September 29, 2022

When inflation is a challenge, it may help to look under couch cushions

Group of people dining out

With declines in customer traffic, fewer dining-out occasions, and “trading down” to cheaper alternative meals, owners and operators may need to dig deep to uncover additional top-line sales opportunities. 

By now, you’ve tried online ordering, 3rd-party delivery, in-house takeout, curbside-to-go, catering, or all of the above. Now is the time to review what’s worked (or hasn’t) for your concept, your operation, and your staffing model—and adjust your strategies accordingly. 

Use pricing strategically
With the consumer price index up around 8% this year, customers are seeing increased prices in every part of their lives. They may find it easier to accept raised prices in restaurants when input costs, fuel surcharges, and product scarcity are driving the change. 

Pricing is an art and a science. It might make sense to take a “broad brush” approach, raising all prices by a certain percentage but perhaps do it in smaller increments and on a quarterly basis. It might even make sense to take an additional price increase going into the fall—especially if your restaurant has typically higher sales in the fourth quarter due to holiday celebrations or snowbirds.

Make use of loyalty programs
Loyalty programs can attract new customers to your restaurant, build the frequency of dining occasions with your existing customers, and show customers they’re special guests and are getting access to special privileges. These programs can also allow you to build closer relationships with your guests. 

Build checks with upselling
Beyond delivery methods, consider growth opportunities in the dining room and with your menu. Adequately train servers to “upsell” and suggest appetizers, soups, salads, extra sides, and desserts. Some restaurants find that trimming down their portion sizes could lead a customer to order an extra item or dessert because they have room for more. This can be a great check-builder opportunity.

Focus on your social media presence
Many potential customers, especially the younger generations, check out your restaurant online before they walk in the door or make a reservation. They rely on reviews and pictures of your food to help them decide.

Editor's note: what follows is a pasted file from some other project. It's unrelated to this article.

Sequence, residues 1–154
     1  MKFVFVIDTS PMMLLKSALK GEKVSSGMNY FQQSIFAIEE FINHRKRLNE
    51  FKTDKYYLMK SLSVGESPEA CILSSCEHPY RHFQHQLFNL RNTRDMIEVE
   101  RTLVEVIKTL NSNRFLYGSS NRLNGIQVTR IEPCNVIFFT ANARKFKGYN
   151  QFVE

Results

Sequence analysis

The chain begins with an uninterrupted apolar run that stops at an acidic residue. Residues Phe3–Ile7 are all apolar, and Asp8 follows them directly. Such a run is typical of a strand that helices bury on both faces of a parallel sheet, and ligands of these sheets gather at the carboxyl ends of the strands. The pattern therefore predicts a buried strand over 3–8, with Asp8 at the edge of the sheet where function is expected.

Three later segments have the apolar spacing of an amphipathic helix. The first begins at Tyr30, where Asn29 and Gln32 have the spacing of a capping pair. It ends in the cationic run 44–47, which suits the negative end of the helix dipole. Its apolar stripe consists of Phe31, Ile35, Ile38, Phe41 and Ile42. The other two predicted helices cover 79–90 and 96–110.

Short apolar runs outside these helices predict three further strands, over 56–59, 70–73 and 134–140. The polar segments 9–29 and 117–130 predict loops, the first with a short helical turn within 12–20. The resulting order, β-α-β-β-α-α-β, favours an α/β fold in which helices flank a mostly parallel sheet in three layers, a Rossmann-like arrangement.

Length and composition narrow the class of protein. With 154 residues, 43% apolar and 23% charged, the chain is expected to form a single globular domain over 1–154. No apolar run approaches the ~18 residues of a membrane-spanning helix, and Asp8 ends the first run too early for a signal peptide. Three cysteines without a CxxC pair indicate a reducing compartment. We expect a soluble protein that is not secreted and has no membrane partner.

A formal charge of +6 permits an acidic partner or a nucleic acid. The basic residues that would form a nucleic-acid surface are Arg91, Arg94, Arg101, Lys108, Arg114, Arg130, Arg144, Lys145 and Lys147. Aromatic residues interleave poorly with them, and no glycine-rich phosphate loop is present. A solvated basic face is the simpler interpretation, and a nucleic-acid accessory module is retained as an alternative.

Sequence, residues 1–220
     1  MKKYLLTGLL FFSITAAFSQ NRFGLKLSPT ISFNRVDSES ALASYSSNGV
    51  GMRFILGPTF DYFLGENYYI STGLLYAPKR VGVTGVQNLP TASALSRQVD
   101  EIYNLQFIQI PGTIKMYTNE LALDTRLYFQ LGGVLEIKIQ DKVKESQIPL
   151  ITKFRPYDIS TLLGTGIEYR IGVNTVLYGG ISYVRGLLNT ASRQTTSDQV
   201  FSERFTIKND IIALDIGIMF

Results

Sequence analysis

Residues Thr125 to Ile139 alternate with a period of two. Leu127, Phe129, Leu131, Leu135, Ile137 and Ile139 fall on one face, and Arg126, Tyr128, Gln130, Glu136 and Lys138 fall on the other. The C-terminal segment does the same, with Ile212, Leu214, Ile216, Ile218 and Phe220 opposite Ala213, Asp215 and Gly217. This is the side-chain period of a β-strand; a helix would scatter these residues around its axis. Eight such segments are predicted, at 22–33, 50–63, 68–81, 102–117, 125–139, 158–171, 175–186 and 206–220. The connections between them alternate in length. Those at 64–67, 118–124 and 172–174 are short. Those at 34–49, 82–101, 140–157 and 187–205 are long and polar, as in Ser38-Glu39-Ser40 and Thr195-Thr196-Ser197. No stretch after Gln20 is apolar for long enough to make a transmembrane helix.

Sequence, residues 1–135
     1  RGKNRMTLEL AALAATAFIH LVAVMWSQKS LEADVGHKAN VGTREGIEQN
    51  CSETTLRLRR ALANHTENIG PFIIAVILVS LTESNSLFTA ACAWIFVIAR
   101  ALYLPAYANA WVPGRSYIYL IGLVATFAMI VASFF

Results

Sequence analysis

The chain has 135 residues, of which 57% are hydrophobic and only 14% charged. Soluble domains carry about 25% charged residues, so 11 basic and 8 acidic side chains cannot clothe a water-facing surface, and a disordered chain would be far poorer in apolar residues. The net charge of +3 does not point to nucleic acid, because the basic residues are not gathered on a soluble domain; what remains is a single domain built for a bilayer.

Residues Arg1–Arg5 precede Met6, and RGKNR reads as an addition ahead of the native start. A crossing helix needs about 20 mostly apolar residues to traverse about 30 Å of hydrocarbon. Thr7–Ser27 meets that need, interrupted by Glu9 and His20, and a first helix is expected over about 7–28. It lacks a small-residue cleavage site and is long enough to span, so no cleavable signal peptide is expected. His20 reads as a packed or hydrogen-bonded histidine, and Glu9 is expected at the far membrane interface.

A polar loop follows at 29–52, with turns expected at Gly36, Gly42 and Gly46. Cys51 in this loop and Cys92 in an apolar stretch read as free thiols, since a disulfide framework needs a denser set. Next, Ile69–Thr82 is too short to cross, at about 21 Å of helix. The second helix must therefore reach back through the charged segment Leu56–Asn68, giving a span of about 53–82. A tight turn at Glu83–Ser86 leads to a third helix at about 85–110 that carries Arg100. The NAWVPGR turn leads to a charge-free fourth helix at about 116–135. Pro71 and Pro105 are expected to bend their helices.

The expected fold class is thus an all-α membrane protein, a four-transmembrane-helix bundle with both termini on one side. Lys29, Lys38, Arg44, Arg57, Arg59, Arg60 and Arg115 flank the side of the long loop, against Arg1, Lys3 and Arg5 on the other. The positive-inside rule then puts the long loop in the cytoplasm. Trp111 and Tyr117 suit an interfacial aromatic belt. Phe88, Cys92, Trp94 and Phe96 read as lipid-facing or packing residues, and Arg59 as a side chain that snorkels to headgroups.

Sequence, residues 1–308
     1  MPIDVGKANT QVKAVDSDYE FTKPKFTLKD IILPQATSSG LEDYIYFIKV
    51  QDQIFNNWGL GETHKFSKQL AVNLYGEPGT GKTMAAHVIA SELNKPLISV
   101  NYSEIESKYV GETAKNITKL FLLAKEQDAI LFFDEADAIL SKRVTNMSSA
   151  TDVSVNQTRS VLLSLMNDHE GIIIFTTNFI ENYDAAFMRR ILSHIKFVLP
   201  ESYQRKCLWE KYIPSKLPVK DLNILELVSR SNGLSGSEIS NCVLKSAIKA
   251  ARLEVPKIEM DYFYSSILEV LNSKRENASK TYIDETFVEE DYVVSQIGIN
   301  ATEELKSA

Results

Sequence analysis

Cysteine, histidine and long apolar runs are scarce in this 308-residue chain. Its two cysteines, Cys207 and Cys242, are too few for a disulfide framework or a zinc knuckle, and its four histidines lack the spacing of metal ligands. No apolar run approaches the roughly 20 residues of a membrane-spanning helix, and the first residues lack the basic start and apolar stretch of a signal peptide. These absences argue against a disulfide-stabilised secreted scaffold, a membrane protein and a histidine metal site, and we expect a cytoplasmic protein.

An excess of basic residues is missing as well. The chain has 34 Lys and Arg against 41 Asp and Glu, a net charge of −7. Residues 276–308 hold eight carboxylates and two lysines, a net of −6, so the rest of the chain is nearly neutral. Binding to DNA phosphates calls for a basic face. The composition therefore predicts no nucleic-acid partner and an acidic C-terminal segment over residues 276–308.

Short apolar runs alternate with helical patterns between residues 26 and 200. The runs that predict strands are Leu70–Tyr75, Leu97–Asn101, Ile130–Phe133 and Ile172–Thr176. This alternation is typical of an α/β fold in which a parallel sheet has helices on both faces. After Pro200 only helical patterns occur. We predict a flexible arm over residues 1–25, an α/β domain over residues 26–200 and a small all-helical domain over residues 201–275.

Use search engine optimization techniques so your brand or restaurant gets noticed by web browsers. Reward visitors to your social media pages with some fun early-week offerings such as BOGO or discounts on Monday, Tuesday, or Wednesday to drive traffic on those days. Discounts for online orders can be offset by customers who tend to order more items online than they would if dining in your restaurant.


Look for cost savings opportunities

In the restaurant industry, it’s necessary to measure metrics including what’s ordered, what’s consumed, time worked, and supplies or utilities used. The following ideas may help improve the profitability and sustainability of your restaurant, protect against inflationary pressures, and potentially lower costs.

Improve food cost management
Take regular inventories of your top 10 – 20 items to verify what you’re buying is turning over in a reasonable time. Verify that the usage in a week is in line with your sales reports for those ingredients. Secure high-dollar items like liquor and wine in locked cabinets, and carefully order expensive meats and seafood based on recent demand.

Keep and review waste logs to identify food-prep training opportunities, supplier issues, or where a recipe’s volume might need some tweaking. Call your suppliers to see what they can do for you in terms of larger bulk shipments. Compare the prices in your contract or order guide with recent invoices and discuss the possibility of substituting items that might be a close alternative at a reduced price.

Additionally, consider investing in a food-cost-management tool that can provide helpful information on your top items, supplier volume, and pricing changes.